So while there was an understandable degree of skepticism in the air – and one that may well linger until Rovers finally move to a new ground – Al Qadi was given something of a hero's welcome when he was paraded before the supporters at half-time of a decidedly untidy encounter with Morecambe. He kissed the club's badge in front of a North Terrace, who in turn seranaded him with the club's anthem of Goodnight Irene and the bond was cemented.
Rovers trailed at the time but went on to win 2-1 thanks to second-half goals from Rory Gaffney and Billy Bodin. The result sparked a remarkable end-of-season run that only the most optimistic Gashead – and there aren't too many who fall into that category – could have predicted. Its fairytale conclusion was automatic promotion after Lee Brown tapped home with his weaker right foot in injury time to clinch a victory over Dagenham & Redbridge on a nerve-shredding final day of the campaign.
As thousands invaded the pitch, news came through that Accrington Stanley, who were battling Rovers for third place in the final table, had failed to beat Stevenage. The Gas, after all the troubles of recent seasons, were going up for the second time in the space of 12 months.
Al-Qadi ended the afternoon on the shoulders of worse-for-wear supporters whose celebrations had spilled down – and managed to close – part of the Gloucester Road. It was a presidential visit with a twist. All of the players and coaching staff involved on that famous day might have been recruited by the former board, but it would be unfair not to credit the feelgood factor that surrounded the club from the spring onwards with a percentage of a triumph that was achieved by the skin of Rovers' teeth.
“That incredible roar and feeling of that second when we won promotion will stay with me forever and it was one of the greatest moments in my life so far,” said Al Qadi. “It was epic.
“All credit must be given to Darrell, his staff and his team because what they achieved on the pitch was incredible and it was infectious throughout the club, the fans, the people who work here, the city. Crowds of 6-7,000 went to full houses for the stretch towards the end of the season.
“After the takeover, that kind of dark cloud situation hanging around the club disappeared so all of a sudden everybody realised that we are here, we are here to stay and we are here to improve and that got everybody together.”
When asked about targets, Al-Qadi will only echo the sentiments of Clarke, the key figure he was able to keep from the clutches of Leeds United in May after making him the best-paid manager in the club's history. The mantra is “game by game, season by season, division by division” and, with the antiquated Memorial Stadium unable to generate the sort of commercial revenue necessary for a sustainable future at Championship level or above, it appears that the next big steps by the club must be taken away from the field of play if the rise is to continue.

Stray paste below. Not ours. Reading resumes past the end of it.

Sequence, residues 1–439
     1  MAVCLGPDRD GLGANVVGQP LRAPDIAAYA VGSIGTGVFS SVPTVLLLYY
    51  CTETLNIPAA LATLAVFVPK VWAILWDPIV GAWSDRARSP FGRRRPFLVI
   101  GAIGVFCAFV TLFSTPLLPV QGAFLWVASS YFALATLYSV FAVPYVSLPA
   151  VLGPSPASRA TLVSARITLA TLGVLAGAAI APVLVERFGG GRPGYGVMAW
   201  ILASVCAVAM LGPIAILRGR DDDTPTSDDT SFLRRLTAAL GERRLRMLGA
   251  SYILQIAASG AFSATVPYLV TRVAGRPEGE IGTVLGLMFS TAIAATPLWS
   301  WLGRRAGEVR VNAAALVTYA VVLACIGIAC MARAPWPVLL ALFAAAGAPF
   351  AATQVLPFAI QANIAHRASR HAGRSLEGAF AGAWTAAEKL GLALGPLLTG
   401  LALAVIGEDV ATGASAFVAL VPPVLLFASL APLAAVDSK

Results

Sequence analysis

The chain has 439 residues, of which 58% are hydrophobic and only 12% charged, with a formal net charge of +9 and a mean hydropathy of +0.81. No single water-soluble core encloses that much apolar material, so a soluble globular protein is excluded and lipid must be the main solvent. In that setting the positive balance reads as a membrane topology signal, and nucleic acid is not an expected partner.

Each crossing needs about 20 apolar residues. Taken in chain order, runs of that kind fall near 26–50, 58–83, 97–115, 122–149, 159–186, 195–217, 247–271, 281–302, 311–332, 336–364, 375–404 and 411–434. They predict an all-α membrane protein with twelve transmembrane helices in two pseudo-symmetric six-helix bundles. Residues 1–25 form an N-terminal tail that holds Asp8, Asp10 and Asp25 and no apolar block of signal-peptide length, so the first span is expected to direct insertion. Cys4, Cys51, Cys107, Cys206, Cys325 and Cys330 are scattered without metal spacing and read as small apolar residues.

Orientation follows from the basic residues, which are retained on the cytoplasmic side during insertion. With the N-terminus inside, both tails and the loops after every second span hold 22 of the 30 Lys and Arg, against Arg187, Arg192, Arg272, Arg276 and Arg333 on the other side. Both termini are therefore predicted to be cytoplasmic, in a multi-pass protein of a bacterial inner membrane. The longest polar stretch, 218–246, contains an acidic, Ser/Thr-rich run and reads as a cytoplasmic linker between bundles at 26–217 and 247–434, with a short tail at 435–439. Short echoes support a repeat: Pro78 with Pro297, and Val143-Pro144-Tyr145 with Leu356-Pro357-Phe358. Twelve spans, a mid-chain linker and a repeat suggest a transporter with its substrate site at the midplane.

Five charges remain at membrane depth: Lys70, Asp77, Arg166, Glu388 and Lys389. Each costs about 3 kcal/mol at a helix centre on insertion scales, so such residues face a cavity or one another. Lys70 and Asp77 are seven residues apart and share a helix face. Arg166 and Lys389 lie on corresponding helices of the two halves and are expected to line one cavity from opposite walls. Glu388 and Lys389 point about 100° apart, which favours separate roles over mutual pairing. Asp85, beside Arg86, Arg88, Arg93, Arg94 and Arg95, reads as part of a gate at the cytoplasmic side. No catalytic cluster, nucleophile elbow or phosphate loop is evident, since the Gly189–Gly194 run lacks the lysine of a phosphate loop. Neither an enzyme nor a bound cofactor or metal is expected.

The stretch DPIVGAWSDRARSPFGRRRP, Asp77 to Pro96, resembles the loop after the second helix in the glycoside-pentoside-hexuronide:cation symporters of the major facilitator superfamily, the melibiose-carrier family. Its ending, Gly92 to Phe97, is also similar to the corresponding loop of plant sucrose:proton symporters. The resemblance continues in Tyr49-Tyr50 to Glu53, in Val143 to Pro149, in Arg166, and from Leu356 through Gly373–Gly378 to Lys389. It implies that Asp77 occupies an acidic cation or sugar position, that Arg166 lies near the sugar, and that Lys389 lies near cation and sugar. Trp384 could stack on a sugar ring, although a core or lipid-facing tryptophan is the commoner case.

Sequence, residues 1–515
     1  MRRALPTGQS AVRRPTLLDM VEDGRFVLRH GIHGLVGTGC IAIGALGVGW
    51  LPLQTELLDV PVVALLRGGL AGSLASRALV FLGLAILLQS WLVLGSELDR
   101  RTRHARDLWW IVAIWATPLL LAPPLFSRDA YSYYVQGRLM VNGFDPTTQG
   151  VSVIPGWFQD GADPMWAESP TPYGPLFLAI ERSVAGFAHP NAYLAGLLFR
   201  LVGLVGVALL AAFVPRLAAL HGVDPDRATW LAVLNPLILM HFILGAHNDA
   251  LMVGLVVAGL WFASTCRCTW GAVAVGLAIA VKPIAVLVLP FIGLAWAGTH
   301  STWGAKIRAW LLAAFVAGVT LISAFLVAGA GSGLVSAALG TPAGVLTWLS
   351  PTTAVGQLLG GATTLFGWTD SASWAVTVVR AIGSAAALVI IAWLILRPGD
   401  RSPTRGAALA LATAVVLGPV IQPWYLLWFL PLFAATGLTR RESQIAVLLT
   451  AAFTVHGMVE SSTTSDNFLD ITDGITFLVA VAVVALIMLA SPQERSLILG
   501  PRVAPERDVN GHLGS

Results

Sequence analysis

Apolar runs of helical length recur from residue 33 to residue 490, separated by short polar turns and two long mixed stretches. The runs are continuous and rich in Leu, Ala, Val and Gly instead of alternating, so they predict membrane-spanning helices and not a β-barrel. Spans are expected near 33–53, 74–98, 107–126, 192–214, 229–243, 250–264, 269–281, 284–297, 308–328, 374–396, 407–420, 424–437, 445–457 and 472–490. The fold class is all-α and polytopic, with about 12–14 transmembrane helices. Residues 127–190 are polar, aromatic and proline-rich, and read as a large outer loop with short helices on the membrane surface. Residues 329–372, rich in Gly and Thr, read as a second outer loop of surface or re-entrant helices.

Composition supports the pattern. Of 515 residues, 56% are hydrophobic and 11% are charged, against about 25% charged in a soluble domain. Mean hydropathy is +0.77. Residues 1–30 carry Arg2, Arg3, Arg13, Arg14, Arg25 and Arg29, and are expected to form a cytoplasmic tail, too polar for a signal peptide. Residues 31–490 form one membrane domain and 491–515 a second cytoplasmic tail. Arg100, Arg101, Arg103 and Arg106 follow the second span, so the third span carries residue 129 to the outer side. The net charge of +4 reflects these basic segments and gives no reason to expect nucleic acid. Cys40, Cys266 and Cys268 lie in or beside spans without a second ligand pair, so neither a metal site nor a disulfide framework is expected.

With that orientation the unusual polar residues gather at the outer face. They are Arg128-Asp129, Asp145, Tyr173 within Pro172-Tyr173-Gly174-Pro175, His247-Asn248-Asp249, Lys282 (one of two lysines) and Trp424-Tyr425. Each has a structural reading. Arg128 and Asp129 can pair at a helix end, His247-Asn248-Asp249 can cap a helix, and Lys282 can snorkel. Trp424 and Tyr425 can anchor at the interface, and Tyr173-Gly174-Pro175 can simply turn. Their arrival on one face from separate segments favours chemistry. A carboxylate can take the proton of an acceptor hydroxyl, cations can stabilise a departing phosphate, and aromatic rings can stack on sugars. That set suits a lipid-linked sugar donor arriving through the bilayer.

Experienced duo Lee Atkins and Michael Cunnah, the latter an ex-chief executive of Wembley Stadium, have been tasked with delivering a new ground, while a permanent training facility at Almondsbury is also central to the Al Qadi vision, something he foresees as being as “the heart and soul of the club”. Currently, the first team rent a base at Cribbs Causeway during the week, while Academy youngsters are put through their paces at three locations around the city, including Golden Hill and St Bernard Lovell School. That, the owner says, is something that has to change. And, while he has never promised to throw millions of pounds of his family's money at the project, he knows only too well that giving the club a truly exciting future will not come cheap, or indeed happen quickly.
“It's a business plan,” said Al-Qadi. “It is about securing, first of all, a training ground and by doing that then if you want to attract talented players, you will. You have a chance to get them in and you build on that and start adding value that way. You need the infrastructure first. We are willing to do that.
“If we build the club up properly and build something that is sustainable, I cannot see why the club cannot be successful. If you have a very strong academy that is producing quality players, and that means recruiting them into your system when they are young, why can't you have a successful club?
“What is the point of building a stadium when you cannot provide the first team with talented players? We all know that bringing in some players, let's say by the 'new way' like Man United and other big clubs, is not a sustainable way of running your club. We want it to remain for the future and don't want it to go belly-up.”
Even allowing for football's ups and downs along the way, Al-Qadi is plotting a course for the very top. He might not follow Roman Abramovic's blueprint for success but believes, a decade from now, that he could well be sharing a boardroom with the Russian on an annual basis at the home of his boyhood club.
“I hope to be and I want to be here in ten years' time and I hope Rovers are extremely successful in that time,” he said. “We are all football fans. I'm a fan of Rovers and I would want them to be playing at the highest level. That is every fan's ambition, after all.”